BASICS Dark Souls II
Piercing the heart of Dark Souls II — an inside view of the development of one of the most anticipated sequels of the year.
Dark Souls II
Developer: From Software
Publisher: Namco Bandai Games
Platforms: Xbox 360, PS3, PC
Street: March 31, 2014
Dark Souls II is coming both too soon and not soon enough. It’s been almost two years since the original was released, an indomitable vortex of game design that still feels like it hasn’t been tamed, as if one more run through its ruins might resolve things — one last parry, one last backstab, one more roll out of danger. The battle is never won, the problem never solved, only temporary moments of order are possible, and the game slides back again into its state of disorder at each bonfire. Dark Souls II is like a new tidal wave of disorder gathering on the horizon, with new problems to solve, new battles to obsess over and a dark new cell to lock one’s self into.
With Dark Souls II, development company From Software wants to make the obsessive character balancing and experimentation more sensual, something players can understand through contrasts in visuals and animation rather than poring over menu screens. “We want players to more clearly understand the results of certain actions that they take,” says Yui Tanimura, the game’s director, during a demo in New York. “It’s not going to be spelled out in words, but we’re hoping that players will be able to sense what needs to be understood about how to play the game.”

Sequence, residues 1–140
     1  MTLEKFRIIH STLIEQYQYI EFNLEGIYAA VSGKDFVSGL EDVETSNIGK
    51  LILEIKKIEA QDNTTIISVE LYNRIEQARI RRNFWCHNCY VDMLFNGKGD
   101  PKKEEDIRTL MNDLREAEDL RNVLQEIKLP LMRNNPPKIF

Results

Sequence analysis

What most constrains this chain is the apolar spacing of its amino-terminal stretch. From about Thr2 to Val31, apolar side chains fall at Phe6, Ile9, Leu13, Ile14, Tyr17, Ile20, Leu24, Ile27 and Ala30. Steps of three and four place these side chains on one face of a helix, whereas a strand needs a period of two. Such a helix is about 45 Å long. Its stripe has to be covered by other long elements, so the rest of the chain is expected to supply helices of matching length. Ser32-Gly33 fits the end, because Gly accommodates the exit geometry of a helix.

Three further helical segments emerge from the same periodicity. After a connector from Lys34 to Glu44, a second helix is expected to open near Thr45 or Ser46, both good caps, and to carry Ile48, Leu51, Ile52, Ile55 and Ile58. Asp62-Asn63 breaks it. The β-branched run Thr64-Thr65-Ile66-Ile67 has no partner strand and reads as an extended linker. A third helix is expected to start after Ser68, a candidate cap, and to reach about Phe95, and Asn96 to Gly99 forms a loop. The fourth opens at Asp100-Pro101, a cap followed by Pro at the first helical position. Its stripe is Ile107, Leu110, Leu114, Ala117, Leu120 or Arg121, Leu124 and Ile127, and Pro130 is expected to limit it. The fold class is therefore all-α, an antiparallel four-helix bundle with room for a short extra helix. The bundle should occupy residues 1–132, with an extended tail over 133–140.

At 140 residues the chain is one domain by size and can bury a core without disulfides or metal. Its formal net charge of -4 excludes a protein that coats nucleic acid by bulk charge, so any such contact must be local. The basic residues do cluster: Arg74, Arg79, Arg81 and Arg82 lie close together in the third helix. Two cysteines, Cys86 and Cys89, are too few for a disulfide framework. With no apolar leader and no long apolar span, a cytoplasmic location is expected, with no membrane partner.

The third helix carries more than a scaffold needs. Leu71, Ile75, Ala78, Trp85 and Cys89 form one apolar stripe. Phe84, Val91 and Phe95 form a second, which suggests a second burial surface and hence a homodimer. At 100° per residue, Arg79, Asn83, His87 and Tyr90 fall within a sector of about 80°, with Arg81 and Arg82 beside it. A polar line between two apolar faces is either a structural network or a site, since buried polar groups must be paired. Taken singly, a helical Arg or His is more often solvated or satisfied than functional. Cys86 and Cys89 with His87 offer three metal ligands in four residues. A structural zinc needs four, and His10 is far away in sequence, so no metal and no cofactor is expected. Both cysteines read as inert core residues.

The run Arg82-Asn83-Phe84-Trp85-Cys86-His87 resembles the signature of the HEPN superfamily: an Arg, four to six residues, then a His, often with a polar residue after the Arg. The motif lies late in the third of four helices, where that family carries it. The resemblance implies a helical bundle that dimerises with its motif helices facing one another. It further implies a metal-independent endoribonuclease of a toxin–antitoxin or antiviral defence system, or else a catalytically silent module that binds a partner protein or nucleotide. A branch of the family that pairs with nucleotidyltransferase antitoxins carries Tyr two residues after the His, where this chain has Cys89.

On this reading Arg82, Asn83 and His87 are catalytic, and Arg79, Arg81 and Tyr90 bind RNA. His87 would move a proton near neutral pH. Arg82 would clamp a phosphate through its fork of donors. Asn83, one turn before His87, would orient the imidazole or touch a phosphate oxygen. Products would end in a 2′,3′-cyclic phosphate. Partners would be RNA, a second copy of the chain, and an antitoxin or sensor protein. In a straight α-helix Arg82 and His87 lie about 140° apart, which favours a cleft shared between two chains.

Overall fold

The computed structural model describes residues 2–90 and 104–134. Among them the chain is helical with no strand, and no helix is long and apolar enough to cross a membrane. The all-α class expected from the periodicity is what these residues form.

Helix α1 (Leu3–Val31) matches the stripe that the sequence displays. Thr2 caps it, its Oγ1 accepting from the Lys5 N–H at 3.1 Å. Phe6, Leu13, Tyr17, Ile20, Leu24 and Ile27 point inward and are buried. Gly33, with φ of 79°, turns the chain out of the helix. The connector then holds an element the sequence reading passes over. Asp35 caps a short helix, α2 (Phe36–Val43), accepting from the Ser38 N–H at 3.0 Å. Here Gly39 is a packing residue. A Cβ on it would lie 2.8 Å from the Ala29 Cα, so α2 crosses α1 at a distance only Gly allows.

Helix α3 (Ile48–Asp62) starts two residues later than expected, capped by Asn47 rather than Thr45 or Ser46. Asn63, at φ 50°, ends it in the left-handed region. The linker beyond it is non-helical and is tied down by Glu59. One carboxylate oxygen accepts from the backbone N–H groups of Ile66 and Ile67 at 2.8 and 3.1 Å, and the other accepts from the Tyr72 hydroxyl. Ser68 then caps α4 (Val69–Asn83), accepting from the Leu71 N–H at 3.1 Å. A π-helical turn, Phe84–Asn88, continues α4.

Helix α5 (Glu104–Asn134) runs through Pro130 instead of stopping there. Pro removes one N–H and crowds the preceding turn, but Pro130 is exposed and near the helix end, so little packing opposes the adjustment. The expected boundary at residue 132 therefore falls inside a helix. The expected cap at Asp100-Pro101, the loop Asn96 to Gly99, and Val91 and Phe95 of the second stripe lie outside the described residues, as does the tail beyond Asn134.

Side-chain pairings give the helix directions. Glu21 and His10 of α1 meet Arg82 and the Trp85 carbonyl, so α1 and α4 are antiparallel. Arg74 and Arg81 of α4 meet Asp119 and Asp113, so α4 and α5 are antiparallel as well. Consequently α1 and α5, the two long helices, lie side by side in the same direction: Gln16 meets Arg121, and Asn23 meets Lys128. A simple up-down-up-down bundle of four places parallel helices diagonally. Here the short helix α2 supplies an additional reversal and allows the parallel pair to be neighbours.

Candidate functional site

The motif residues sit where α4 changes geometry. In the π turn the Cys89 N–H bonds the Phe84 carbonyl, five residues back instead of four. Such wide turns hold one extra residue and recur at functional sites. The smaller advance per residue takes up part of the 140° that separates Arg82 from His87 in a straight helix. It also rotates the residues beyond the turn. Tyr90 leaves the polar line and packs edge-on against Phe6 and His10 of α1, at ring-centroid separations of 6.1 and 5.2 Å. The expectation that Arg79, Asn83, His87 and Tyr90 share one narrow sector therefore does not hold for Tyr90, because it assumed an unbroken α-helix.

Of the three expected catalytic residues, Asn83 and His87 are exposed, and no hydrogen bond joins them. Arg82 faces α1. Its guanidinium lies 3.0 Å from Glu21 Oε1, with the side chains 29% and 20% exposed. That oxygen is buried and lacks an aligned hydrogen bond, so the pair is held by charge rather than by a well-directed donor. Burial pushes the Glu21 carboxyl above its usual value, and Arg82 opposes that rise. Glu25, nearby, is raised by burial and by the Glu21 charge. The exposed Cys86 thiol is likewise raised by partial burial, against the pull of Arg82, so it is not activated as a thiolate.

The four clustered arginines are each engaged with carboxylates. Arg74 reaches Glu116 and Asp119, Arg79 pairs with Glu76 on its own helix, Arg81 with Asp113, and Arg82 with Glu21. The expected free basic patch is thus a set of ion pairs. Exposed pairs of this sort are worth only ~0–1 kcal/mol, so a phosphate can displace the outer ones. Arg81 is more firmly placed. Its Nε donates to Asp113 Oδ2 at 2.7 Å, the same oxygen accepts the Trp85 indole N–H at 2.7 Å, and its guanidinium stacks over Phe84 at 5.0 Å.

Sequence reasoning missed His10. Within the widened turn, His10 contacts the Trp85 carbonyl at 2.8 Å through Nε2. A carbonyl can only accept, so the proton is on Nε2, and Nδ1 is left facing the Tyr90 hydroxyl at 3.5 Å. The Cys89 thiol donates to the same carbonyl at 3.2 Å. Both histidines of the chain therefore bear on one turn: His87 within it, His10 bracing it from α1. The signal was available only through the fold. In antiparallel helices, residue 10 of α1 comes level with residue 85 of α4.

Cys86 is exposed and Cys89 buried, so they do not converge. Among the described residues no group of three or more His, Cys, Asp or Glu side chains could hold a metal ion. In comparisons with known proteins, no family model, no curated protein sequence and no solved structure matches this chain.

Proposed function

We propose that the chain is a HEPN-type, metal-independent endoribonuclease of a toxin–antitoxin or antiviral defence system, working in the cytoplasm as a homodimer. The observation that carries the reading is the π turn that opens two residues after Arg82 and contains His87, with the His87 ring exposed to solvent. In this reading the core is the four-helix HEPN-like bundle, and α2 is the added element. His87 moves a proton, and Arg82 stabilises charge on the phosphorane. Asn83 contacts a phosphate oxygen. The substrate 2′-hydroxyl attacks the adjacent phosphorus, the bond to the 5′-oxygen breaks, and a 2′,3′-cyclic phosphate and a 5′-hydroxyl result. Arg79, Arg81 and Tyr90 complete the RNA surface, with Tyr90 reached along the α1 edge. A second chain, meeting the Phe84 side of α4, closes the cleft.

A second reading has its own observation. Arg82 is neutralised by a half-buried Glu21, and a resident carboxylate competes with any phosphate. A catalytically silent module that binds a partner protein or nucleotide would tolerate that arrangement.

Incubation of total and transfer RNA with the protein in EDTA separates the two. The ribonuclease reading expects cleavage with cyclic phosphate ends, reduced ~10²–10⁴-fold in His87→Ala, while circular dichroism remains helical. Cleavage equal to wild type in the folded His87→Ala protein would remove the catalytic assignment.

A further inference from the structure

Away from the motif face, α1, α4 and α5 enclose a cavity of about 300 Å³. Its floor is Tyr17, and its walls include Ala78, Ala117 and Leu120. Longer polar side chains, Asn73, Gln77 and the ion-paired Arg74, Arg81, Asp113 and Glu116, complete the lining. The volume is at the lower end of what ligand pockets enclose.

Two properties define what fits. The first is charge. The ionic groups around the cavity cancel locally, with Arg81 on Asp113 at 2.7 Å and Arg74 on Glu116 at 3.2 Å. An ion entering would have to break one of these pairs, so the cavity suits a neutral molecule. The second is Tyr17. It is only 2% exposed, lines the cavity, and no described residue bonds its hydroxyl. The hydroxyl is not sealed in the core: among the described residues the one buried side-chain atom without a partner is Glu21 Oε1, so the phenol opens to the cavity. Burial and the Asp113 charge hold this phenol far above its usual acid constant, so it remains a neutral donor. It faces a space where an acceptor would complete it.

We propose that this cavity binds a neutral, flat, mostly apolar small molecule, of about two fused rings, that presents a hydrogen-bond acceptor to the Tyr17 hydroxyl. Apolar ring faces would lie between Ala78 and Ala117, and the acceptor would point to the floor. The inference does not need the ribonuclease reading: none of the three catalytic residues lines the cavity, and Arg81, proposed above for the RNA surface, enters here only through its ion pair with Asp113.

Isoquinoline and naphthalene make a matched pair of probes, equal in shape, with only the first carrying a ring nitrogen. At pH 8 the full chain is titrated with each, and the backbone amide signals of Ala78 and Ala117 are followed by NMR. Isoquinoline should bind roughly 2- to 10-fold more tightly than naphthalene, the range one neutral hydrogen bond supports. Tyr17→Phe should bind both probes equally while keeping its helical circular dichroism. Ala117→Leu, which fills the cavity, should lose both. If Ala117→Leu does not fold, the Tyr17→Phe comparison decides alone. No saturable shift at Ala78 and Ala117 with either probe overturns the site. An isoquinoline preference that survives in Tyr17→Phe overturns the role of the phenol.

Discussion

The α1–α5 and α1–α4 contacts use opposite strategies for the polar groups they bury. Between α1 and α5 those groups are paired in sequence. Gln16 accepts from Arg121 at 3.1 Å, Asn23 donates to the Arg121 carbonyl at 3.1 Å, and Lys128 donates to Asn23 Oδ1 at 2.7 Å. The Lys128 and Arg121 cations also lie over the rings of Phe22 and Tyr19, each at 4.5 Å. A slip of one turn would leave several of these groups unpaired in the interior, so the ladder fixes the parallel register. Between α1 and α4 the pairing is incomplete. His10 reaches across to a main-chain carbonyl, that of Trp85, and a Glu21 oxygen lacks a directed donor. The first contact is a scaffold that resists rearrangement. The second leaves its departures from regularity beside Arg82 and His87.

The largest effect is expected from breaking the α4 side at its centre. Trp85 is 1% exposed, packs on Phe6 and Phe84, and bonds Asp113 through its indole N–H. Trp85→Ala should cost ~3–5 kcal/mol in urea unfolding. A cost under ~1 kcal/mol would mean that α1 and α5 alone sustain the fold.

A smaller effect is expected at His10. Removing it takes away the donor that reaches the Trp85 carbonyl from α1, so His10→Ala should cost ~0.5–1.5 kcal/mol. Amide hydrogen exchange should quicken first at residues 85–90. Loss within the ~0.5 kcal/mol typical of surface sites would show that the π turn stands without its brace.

One of the most apparent changes in the 15-minute demo is a subtle change of scale. The camera has been moved a few degrees closer to the character, adding a slight sense of close-up intimacy to his movements and apparel. The environments seem to complement this new perspective — narrow corridors opening onto mid-size chambers, filled with detail and darkness but none so big and open as, say, Darkroot Basin or Blighttown’s giant swamp, which quickly gave way to tedium and long stretches of backtracking.
“We want to remove the fat from the game,” Tanimura says, claiming that while Dark Souls II will be roughly the same size as the first, its levels will be more tightly focused and feature less filler, with an emphasis on vertical scaling where players can see areas both above and below them. “One major thing we want to try and focus on is the contrast between light and dark,” Tanimura says. “In this game what we’re really trying to emphasize is even if you’re in a light room there will be dark corners, there will be that contrast between shadows and light, darkness and light.”
The studio is also working to break up the familiar level structure. Dark Souls II will free its bosses from the big room at the end of an area and have them harass players throughout. In one example, players creep through a curving basement corridor in a torture chamber when a big, spiked chariot carrying the area’s boss appears, triggering a chase sequence. Encounters like these will offer an early glimpse at bosses’ abilities and especially clever or experienced players will be able to kill them before reaching the end of the level.